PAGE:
Yesterday, Democratic Presidential candidate Hillary Clinton proposed a new plan to address pharmaceutical “price gouging.” Her proposal, unveiled in Iowa and outlined in a factsheet, outlines a list of measures she believes will lower prescription drug costs for Americans.
Clinton’s plan contains a range of potentially far-reaching proposals, including:
- Ending the business expense deduction for direct-to-consumer drug company advertising.
- Requiring drug companies “that benefit from taxpayers’ support to invest in research.” Clinton added that drug companies “should not be allowed to reap excessive profits or spend unreasonable amounts on marketing if they want to receive support that is designed to encourage life-saving and health-improving treatments.”
- Capping monthly and annual out-of-pocket costs for prescription drugs. Specifically, her plan “will require health insurance plans to place a monthly limit of $250 on covered out-of-pocket prescription drug costs for individuals to provide financial relief for patients with chronic or serious health conditions.”
- Decreasing market exclusivity for biologic drugs from 12 years to 7 years. “Lowering the biologic exclusivity period…will spur greater competition and save up to $5 billion for the federal government over 10 years,” she wrote.
- Prohibiting “pay for delay arrangements” that keep generic competition off the market.
- Allowing Americans to import drugs from other counties.
- Allowing Medicare to negotiate drug and biologic prices and demanding higher rebates for prescription drugs for low-income individuals.
Clinton’s announcement follows a similar policy, announced earlier this month by Senator Bernie Sanders, who is also seeking the Democratic Presidential nomination. Sanders’ proposal is entitled the “Prescription Drug Affordability Act of 2015.” His Press Release announcing the Act is available here. His main provisions would allow Medicare to negotiate pharmaceutical prices, allow consumers to import cheaper drugs from Canada, ban pay-for-delay schemes, and add additional penalties for companies who settle with the government. Unlike Clinton’s proposal, Sanders does not address direct-to-consumer advertising, nor does he seek to reduce market exclusivity for biologics or provide out-of-pocket expense caps. Further, Sanders would require companies to disclose the costs related to particular products and prices they charge in other countries, a measure that has been introduced, unsuccessfully, in several states.
While drug pricing has been a newsworthy topic over the last year, the past few days have been especially brutal for the pharmaceutical industry's reputation. On September 20, the New York Times wrote an article entitled "Drug Goes From $13.50 a Tablet to $750, Overnight." The drug Daraprim is used to treat toxoplasmosis, an infection caused by a parasite, and was acquired by Turing Pharmaceuticals, a start-up run by a former hedge fund manager, noted the article. "Turing immediately raised the price to $750 a tablet from $13.50, bringing the annual cost of treatment for some patients to hundreds of thousands of dollars," the article stated. A media frenzy ensued (see for example, Fierce Pharma), capped by Hillary Clinton's announcement to move forward on an official drug pricing policy.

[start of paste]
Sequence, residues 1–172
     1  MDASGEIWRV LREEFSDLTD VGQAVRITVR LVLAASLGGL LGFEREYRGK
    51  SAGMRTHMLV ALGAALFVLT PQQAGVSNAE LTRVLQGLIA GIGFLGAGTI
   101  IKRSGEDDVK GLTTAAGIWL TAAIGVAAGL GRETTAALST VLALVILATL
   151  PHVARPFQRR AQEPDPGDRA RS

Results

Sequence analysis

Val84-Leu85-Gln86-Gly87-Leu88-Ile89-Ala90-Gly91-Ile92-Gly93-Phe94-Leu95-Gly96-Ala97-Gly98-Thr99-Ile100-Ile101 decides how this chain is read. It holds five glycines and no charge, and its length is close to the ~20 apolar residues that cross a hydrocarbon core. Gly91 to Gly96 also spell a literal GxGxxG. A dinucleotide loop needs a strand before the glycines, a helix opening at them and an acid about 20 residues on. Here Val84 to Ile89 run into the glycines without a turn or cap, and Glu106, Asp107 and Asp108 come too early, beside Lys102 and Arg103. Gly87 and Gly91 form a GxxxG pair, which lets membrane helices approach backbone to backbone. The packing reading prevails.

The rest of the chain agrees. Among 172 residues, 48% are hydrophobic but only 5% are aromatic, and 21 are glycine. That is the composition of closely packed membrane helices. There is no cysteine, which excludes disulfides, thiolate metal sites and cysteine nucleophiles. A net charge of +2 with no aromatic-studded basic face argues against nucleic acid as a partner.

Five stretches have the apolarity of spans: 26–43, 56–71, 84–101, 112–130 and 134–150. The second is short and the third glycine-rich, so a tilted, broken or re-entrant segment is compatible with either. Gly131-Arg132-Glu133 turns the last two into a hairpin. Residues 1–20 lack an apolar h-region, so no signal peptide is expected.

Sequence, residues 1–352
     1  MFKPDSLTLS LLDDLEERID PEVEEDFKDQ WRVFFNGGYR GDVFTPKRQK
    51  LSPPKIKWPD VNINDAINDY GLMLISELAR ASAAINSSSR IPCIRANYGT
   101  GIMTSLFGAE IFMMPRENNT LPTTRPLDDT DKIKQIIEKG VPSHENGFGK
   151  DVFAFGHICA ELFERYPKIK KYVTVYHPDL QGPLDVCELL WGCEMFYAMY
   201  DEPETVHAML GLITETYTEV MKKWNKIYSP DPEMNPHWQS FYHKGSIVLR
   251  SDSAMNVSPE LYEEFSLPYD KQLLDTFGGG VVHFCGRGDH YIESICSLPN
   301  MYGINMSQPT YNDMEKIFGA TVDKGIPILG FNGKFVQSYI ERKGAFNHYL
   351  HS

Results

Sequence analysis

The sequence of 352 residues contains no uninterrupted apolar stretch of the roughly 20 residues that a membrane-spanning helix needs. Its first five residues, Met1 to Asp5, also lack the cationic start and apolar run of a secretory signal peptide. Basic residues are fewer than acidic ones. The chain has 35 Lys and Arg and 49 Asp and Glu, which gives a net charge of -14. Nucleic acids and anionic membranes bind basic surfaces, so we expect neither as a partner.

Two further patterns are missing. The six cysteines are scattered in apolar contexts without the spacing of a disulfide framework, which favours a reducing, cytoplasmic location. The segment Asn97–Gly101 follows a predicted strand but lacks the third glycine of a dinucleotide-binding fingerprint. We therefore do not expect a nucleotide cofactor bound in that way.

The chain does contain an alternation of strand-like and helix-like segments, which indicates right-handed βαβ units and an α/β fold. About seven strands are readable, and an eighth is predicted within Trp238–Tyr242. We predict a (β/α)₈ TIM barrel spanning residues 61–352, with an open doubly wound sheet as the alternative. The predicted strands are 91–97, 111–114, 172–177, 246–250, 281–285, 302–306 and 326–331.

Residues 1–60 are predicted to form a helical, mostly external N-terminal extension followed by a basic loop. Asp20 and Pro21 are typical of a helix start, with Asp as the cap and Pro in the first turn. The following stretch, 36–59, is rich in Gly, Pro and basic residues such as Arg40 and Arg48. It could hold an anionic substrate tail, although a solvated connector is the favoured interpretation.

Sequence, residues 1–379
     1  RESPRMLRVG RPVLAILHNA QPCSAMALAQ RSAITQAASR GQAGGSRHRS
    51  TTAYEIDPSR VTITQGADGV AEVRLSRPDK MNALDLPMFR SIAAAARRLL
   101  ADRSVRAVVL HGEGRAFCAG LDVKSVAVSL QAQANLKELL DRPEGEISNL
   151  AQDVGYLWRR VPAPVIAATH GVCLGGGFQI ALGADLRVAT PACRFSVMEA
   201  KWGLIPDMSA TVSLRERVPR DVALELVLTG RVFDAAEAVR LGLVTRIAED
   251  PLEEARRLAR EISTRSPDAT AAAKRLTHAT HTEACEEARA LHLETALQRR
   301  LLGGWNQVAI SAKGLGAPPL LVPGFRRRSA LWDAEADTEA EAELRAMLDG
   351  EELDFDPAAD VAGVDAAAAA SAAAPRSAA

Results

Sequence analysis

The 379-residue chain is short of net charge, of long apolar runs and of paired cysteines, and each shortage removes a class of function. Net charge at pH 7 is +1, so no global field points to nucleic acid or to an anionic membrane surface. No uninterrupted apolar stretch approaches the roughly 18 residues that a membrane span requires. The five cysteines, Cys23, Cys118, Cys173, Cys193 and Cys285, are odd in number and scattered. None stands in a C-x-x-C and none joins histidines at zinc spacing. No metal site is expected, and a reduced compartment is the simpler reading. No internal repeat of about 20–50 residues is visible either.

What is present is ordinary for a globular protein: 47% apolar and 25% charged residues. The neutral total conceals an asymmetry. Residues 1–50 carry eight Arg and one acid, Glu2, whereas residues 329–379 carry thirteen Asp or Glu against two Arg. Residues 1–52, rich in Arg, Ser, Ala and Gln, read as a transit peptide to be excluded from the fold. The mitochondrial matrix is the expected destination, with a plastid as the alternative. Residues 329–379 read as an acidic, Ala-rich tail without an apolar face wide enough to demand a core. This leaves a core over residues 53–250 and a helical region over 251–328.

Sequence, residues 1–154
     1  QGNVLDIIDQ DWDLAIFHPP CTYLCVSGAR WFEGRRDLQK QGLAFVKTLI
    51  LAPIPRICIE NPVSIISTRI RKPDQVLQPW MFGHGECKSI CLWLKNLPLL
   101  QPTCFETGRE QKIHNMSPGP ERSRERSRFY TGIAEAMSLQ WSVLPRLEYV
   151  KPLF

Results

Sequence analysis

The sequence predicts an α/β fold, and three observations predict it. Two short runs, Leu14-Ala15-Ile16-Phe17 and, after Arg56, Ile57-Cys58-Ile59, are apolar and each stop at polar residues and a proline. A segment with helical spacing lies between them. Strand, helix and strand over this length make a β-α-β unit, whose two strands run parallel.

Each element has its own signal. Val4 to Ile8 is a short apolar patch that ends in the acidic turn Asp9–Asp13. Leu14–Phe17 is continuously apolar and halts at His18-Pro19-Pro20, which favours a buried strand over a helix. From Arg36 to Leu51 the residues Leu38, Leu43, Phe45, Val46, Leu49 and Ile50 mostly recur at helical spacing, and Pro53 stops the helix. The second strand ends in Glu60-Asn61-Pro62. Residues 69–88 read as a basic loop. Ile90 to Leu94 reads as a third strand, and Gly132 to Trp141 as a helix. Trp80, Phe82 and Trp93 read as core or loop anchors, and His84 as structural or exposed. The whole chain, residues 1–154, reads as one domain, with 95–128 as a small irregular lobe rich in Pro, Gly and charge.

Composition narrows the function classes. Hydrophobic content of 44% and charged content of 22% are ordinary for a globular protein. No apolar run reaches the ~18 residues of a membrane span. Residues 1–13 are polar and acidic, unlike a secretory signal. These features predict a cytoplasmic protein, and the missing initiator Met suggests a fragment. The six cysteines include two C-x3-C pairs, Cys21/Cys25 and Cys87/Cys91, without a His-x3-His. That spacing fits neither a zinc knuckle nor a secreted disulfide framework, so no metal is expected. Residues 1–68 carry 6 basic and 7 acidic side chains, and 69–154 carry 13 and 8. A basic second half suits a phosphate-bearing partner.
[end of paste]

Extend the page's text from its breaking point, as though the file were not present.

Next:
The company's chief executive, Martin Shkreli, defended his company's decision: "the drug was unprofitable at the former price, so any company selling it would be losing money. And at this price it's a reasonable profit. Not excessive at all," he stated in a CBS News interview. "This is a disease where there hasn't been one pharmaceutical company focused on it for 70 years. We're now a company that is dedicated to the treatment and cure of toxoplasmosis. And with these new profits we can spend all of that upside on these patients who sorely need a new drug, in my opinion," he added.
Shkreli has now pedaled back on the price after initially defending the company's decision and weathering an onslaught of criticism (see CNBC). However, the widespread coverage and backlash has already been enough to cause serious discussion about drug cost measures among Democratic presidential candidates in this election cycle. In fact, Bernie Sanders wrote a letter to Shkreli calling him to provide more information on the price hike. (See Sanders' September 21 letter).
Pharmaceutical industry trade group, PhRMA, responded unfavorably to Clinton’s plan. “The sweeping proposals outlined in Secretary Clinton’s plan to regulate prescription drug prices would restrict patients’ access to medicines, result in fewer new treatments for patients, cost countless jobs across the country and could end our nation’s standing as the world leader in biomedical innovation,” stated PhRMA President and CEO John Castellani.
PhRMA outlined a number of specific provisions in Clinton’s announcement that could be particularly damaging to getting groundbreaking treatments to patients in need.
Drug pricing and related cost-cutting proposals will likely be a major story in the election year, and it will be an important one to follow. While Turing Pharmaceuticals' huge price hike and high profile media fallout appeared to be handed to Presidential hopeful Hillary Clinton on a silver platter, it will be interesting to see whether other pharmaceutical companies garner similar scrutiny.